Clearly, this book is a classic, and I doubt there are very many successful limit Texas Hold’em players playing today who do not own a copy of one of the earlier editions. Certainly, those that plan to play Hold’em well should own a copy of this work and read it several times. The big question is whether owners of previous revisions of this book should upgrade to the 21st Century Edition. Note that this is the third update of this work, the original was published in 1988, it was updated in 1994, and the current version was released in the summer of 1999. I have only the 1988 and 1999 editions, so I can only speak to those.
By my count, 150 pages have been added to the 182 page 1988 edition. In addition to new sections, there are minor changes to reflect how the game has evolved over the years and to emphasize concepts that caused some conclusion in earlier editions. Overall, given the changes that have been made to the 21st Century Edition from the first edition, I would recommend that those people who are serious about their Hold’em game and have read the 1988 edition upgrade their copies of this book. Although I do not have enough information to make the same claim for the 1994 edition, I wouldn’t be at all surprised if it was worth upgrading from the second edition as well.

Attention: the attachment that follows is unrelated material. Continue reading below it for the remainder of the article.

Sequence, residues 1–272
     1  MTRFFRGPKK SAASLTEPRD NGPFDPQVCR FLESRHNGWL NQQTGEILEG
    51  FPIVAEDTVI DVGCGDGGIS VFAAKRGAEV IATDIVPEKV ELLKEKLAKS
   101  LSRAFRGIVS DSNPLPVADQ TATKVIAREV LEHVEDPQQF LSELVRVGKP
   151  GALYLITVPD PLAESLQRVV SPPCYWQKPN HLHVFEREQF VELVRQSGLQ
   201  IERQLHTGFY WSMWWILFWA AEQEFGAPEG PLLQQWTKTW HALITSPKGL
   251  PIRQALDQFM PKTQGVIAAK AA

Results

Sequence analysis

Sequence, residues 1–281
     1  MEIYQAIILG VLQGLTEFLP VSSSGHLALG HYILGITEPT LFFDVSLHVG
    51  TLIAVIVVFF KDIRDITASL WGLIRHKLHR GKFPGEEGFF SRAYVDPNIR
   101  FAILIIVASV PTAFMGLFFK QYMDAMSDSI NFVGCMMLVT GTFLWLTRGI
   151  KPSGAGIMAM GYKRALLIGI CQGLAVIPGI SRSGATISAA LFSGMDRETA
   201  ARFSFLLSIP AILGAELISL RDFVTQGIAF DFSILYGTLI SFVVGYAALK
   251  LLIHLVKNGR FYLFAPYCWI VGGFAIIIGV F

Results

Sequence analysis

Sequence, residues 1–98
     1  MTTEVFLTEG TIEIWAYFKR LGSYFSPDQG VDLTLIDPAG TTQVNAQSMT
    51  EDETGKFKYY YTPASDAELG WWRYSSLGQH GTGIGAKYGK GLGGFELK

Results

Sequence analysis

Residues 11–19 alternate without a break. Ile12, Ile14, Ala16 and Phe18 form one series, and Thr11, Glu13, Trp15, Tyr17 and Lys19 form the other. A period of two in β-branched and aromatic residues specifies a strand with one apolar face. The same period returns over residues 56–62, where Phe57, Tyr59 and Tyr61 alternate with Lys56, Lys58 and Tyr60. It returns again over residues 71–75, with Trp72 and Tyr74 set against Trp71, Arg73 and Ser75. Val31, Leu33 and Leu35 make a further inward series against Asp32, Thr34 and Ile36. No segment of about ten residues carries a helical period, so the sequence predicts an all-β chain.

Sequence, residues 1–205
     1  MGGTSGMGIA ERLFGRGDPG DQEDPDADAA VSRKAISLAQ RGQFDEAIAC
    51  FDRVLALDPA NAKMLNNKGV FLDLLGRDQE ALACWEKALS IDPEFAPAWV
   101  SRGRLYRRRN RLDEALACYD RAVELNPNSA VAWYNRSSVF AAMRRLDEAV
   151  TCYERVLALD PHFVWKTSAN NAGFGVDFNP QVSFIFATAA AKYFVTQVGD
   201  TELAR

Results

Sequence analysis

Hold’em Poker for Advanced Players is one of the classics of the poker literature. This book is extremely well written, and it’s hard for me to believe that many players are likely to master today’s games without having read and studied this text. Further, the 21st Century Edition is, in my opinion, enough of an improvement over the first edition that those who have already read the 1988 version should buy and read the new edition as well.